Several studies have proved that the colour of our food packaging drives between 60 to 90 percent of our purchasing decisions. For designers, the holy grail lies at the elusive cusp of creating novelty while keeping with established colour associations. Kurkure, the lesser radioactive-coloured desi cousin to Cheetos, still screams ample energy. Warm, fiery tones clash with bright greens from the opposite end of the colour wheel on tinny snack bags. Such is the code for representing savoury tastes, even a food tourist can call it. Desserts, baked foods, and sweets, meanwhile, inhabit the other end of the spectrum– pinks, pastels and comforting hues act as visual precursors to the squishy, soft, tender textures and tastes to come.
To be sure, the power of colour can go well beyond desire. Colour helps us fantasise. A packet of the infamous Phantom cigarette candies in your pocket and there you are, feeling like Chiranjeevi, Rajnikanth, Mithun da, John Wayne, or whoever you dream of. Whatever your flavour of macho, the colour is white as a crisp ciggie – as it should be. Packaged in red and white boxes designed to mimic the Marlboros and Lucky Strikes of the adult world – bold, masculine, and provocative, the candies themselves were intentionally devoid of colour save the glowing red “ember”– a rare colour choice with a precise intent. And the kids ate it up. For those that didn’t want to go that far, Pan Pasand offered a cheeky shortcut into the pan-chewing grown-up club with the red tongue effect.
As food is further pushed into becoming a packaged, advertised commodity, colour is not just branding, but a key product feature evolving in our collective psyches. The iconic yellow-red-white palette of Parle-G and Maggi, conventionally akin to the language of hunger-inducing, impulse-buying fast-food brands, has evolved from implying plain bait to familiarity and comfort.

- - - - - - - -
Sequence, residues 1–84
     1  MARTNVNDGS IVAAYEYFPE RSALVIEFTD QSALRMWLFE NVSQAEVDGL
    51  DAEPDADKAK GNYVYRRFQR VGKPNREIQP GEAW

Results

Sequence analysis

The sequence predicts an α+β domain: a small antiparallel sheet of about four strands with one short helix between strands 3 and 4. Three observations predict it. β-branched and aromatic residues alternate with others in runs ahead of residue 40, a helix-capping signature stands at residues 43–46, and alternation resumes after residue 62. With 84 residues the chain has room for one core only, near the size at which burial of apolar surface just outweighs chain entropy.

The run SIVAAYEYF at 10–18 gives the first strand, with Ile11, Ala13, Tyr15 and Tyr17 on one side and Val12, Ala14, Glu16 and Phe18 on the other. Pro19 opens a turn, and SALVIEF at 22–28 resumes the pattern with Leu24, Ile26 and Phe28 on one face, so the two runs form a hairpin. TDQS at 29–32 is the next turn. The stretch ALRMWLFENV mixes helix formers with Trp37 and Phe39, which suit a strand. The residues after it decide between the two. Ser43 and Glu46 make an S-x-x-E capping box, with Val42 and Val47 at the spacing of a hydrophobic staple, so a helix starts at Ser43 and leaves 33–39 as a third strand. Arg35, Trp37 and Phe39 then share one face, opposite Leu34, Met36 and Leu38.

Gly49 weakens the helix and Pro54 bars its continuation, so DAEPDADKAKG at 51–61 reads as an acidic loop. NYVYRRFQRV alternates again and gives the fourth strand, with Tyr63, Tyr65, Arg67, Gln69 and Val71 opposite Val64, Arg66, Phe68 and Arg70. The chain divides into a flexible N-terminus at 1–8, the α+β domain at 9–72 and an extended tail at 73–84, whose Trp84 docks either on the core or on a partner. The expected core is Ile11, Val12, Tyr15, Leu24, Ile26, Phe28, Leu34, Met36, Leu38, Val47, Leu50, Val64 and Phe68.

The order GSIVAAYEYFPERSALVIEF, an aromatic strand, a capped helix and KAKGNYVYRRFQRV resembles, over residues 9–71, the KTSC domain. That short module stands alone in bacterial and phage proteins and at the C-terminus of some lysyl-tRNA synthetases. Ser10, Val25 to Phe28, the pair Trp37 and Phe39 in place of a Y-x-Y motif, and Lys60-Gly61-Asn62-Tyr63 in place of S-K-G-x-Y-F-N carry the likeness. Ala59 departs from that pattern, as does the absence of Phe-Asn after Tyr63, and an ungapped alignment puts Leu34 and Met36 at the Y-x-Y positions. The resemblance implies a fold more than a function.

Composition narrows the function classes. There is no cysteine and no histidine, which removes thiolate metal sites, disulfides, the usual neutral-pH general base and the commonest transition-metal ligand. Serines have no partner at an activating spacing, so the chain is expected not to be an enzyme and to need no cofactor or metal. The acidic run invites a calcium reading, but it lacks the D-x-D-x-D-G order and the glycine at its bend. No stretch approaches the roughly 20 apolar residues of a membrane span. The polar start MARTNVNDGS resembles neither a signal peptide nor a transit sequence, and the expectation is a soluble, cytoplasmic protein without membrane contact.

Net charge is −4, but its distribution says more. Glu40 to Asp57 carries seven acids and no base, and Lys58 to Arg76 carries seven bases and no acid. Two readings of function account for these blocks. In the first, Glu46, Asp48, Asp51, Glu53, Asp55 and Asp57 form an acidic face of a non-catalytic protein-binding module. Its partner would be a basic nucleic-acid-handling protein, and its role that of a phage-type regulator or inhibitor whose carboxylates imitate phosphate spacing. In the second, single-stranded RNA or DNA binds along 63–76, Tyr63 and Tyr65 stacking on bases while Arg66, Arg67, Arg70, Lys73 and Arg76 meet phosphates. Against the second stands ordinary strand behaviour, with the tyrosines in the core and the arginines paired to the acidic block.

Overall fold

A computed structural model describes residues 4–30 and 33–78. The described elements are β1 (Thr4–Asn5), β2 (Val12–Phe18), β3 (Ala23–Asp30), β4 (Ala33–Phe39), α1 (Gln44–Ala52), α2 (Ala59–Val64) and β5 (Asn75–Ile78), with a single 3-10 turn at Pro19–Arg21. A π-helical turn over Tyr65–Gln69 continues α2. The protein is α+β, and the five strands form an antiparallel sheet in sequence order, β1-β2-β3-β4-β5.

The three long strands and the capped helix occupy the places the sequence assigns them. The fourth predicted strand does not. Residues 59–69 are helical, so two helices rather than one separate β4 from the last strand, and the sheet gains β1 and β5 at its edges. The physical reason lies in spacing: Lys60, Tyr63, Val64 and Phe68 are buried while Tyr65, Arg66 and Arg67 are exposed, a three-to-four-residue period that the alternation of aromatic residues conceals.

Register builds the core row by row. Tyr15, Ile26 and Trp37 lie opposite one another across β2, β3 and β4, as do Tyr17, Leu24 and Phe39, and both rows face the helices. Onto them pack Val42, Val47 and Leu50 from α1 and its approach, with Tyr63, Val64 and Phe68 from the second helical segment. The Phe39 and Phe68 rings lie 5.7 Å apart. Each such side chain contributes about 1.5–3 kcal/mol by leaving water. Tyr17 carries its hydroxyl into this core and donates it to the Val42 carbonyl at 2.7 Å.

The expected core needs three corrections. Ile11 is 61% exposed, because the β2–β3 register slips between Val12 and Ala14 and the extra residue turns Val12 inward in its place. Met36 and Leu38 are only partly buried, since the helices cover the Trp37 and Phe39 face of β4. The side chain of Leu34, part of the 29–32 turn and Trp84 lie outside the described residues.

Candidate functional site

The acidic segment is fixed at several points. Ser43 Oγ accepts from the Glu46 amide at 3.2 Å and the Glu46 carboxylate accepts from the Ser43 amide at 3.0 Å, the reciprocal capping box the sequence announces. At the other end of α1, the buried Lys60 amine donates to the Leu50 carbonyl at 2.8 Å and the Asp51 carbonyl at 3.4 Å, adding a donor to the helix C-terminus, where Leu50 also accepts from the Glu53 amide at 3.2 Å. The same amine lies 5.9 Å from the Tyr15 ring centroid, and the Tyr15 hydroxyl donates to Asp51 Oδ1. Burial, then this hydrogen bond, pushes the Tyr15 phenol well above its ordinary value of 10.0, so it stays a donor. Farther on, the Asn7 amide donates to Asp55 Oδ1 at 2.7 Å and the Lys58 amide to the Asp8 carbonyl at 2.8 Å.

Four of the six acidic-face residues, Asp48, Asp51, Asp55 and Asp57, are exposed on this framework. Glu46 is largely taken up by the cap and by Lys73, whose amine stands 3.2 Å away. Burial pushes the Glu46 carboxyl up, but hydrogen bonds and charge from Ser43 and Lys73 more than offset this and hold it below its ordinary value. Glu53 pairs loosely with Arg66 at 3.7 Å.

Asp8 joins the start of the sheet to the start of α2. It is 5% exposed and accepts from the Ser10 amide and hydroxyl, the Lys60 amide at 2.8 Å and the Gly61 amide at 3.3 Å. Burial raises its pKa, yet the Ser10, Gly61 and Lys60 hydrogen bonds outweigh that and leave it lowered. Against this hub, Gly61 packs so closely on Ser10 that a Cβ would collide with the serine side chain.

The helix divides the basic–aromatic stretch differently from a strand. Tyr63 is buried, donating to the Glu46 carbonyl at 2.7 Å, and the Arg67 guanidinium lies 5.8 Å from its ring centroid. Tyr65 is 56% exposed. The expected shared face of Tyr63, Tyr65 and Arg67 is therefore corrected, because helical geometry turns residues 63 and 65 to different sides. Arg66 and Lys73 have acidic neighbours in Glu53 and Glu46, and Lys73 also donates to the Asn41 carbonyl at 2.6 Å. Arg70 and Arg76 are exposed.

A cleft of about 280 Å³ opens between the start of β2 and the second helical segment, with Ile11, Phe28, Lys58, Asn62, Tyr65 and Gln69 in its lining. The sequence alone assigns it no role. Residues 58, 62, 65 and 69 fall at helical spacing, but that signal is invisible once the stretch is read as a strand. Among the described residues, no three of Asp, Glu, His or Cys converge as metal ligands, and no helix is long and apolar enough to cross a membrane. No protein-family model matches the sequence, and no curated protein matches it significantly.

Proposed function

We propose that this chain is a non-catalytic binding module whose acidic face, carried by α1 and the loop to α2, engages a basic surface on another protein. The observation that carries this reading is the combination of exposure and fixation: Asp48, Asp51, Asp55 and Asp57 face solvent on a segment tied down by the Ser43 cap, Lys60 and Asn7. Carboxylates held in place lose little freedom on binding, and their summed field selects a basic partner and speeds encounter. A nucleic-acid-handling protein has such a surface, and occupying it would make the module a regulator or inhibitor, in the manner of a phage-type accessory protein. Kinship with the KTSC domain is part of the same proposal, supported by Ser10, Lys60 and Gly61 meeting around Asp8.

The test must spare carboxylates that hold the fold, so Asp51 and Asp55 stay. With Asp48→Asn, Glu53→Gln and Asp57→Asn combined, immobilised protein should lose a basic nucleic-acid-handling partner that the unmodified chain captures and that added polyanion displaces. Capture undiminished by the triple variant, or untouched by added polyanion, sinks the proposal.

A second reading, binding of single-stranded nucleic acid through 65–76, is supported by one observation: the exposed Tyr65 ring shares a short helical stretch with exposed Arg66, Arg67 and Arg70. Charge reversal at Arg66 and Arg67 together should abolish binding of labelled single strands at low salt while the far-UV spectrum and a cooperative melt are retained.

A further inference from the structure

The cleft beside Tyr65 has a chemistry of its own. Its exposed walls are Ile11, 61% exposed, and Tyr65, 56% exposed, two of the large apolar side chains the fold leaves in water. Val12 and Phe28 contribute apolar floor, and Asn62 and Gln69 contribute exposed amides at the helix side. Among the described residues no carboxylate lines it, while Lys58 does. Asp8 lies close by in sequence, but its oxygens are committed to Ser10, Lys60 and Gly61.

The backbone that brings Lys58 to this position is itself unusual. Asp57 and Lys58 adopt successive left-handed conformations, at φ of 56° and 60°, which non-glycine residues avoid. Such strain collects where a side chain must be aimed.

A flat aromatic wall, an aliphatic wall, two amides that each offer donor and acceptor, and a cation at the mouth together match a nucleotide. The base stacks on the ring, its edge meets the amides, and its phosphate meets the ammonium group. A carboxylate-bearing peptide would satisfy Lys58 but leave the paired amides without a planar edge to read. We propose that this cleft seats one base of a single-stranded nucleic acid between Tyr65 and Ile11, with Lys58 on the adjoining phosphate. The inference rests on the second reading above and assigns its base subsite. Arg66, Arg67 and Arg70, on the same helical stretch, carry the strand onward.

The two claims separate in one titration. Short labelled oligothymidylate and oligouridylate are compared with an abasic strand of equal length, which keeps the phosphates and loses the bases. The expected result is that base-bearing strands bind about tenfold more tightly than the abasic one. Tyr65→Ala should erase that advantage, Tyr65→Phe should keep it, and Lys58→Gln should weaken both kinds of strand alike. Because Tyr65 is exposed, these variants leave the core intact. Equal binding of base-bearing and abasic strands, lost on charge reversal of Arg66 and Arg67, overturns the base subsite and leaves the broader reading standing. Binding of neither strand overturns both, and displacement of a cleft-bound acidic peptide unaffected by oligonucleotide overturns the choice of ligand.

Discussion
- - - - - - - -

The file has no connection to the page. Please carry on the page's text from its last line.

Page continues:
Of all the things to reign on the mighty internets, food has clawed its way to the top, thanks to social media. “Because of the camera, the painting now travels to the spectator rather than the spectator to the painting… In its travel, its meaning is diversified,” observed John Berger, English art critic, novelist, painter and poet, in his seminal work, Ways of Seeing. He was examining the role of printing technology in how we viewed art.
While colour photography helped disseminate the technicolour dream of modern food inventions: artificial flavours, colours, and packaging in the last century, the smartphone has started to transform the way we eat. Every pocket now has a camera, and meals travel to spectators away from the scene as images of colour and shape; devoid of the other senses: smell, touch, sound, and taste.
Never mind its taste, its colours have to pop, food has to be Instagrammable. And while chefs are at it, food also demands that restaurateurs design spaces with colour and lighting geared towards the end result: great photographs, going viral, reaching more audiences. While food has been associated with hedonism across cultures and eras past, we have never been more preoccupied with the perception of hedonism as we are now. Colour dons the mantle of hedonism, creating shock, appeal, love or repulsion; with context serving at its disposal.
We may be what we eat – but we also eat so we may become. The rising crescendo of multicolour palettes came to a seemingly bottomless fall with the pandemic as we found comfort in restraint – our home kitchens were taken over by the ecrus and beiges of banana breads, pressure cooker cakes, and sourdoughs. Here, colour spoke for our longing for a picture of quarantine that was more calming than terrifying. Colour became comfort.
Our relationship with food is one of our most intimate relationships, the colours we identify with in our foods and into our bodies is a primal language – one that reveals how we feel and how we want to feel. As we come out of the lull of the pandemic into times of much-needed, albeit, cautious optimism, where are we heading to next? Stripped of all form, colour is a quiet marker of our time, a whisper we can catch if we listen closely.